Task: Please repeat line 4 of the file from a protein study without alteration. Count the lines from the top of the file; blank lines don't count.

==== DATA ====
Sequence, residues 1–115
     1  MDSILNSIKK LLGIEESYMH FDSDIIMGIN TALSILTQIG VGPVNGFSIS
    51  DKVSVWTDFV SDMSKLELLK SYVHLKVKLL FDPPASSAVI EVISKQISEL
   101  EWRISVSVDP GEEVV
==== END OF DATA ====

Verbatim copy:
   101  EWRISVSVDP GEEVV